Yesterday I argued that Mohnish Pabrai’s recent decision to invest Fund assets in twenty 5% positions rather than ten 10% positions runs contrary to his investors’ interest. And the more I think about this altered strategy, the more convicted I become that it’s wrong. Permit me then to grapple with some of the main lines of defense for Pabrai’s position:
Defense #1 (the paternalistic defense): Investors get scared when positions move substantially lower, and then redeem their funds. It is in the investors’ interest to avoid or assuage such fear, so twenty portfolio positions will alleviate violent downdrafts and encourage more rational investor behavior.
Response: If we assume that Pabrai’s best idea is substantially better than his twentieth-best idea, then future returns will likely be lessened by this paternalistic action. Though it is in the investors’ long-term interest to remain committed despite short-term losses, their irrational behavior shouldn’t bother the manager much (so long as he isn’t levered and forced to liquidate the Fund at market bottoms). Thus, we have an apparent trade-off; either the investor endures market volatility and gets higher returns, or the investor takes less volatility and lower returns. The investors’ long-term interests are clearly best served in the former approach, and the fund manager seems better served in the latter. Keeping invested funds high keeps management fees high through bear markets.
Defense #2 (the “no big deal” defense): Even if this strategy shift trades performance for temperance, future returns won’t sag much. The twentieth-best idea is still a worthy idea.
Response: In the early stages of a secular bull market, one’s twentieth best idea will likely do fine. Cast aside the swim trunks and jump in! But over a three to five year period, it is fair to say that number 20 will lag number 1 by a couple of percentage points per year. In isolation, losing a few points of return is no thing, but compounded over a decade, such a drag will significantly affect one’s overall performance. Also, any additional time spent working on ideas 11-20 will likely detract one’s attention from future opportunities.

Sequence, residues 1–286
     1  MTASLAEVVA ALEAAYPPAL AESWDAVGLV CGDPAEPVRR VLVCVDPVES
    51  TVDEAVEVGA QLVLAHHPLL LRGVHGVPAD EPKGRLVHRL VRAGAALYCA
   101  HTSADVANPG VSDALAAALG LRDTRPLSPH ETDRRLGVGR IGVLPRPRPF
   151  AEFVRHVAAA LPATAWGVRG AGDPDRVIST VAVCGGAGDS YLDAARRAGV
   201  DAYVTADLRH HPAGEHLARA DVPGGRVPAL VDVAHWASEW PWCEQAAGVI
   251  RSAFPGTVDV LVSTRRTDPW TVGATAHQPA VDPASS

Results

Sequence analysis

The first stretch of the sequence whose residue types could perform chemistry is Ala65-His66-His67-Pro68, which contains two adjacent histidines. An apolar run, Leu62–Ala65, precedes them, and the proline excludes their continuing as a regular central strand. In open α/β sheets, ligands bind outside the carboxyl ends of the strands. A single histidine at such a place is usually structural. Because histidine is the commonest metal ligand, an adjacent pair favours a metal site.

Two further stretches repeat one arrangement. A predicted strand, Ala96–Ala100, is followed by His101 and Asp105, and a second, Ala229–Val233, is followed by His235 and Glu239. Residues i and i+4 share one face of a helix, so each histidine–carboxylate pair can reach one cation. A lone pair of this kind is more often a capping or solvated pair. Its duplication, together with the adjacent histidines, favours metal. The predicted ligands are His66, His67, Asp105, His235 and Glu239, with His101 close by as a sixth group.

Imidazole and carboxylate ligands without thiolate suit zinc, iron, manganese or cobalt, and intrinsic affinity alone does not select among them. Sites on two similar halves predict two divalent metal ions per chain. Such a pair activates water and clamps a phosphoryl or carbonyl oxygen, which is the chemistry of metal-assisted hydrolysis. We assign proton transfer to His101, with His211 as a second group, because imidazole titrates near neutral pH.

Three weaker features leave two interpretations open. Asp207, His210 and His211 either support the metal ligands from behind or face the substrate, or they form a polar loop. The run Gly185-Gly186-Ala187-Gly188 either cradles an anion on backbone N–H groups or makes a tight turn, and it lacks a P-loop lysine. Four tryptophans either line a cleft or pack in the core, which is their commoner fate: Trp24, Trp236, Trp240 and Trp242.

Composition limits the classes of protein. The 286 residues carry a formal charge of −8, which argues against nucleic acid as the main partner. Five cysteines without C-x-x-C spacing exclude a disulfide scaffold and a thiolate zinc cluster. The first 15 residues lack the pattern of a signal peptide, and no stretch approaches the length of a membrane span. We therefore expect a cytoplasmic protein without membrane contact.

Defense #3 (the “diversification lowers risk” defense): Giving up some performance is acceptable because greater diversification entails less risk.
Response: This strikes me as plainly false. The best investment idea is the one with the best prospects and the greatest margin of safety. To diversify capital from one’s best idea to one’s merely ‘good’ ideas means accepting a smaller margin of safety, and in no way can that strategy be less risky. The only way diversification is less risky is if one fears that his inner psyche will compel him to sell his best idea if it declines the overall portfolio too much. In that case, diversification serves more as a psychic crutch rather than a risk-management tool.
Defense #4: (the “loss mitigation” defense) Diversifying fund assets into twenty positions means any mistakes will impact the portfolio returns less.
Response: Though the point is accurate, the other side of the coin is that future successes will also impact portfolio returns less. For managers like Pabrai, future successes will far outnumber mistakes, especially given Pabrai’s method of betting when he can’t lose much. Even when faced with a handful of mistakes, one has to discern whether they signify that his approach is broken, or his fortune briefly turned. If only the latter, mistakes should not consume one’s virtue.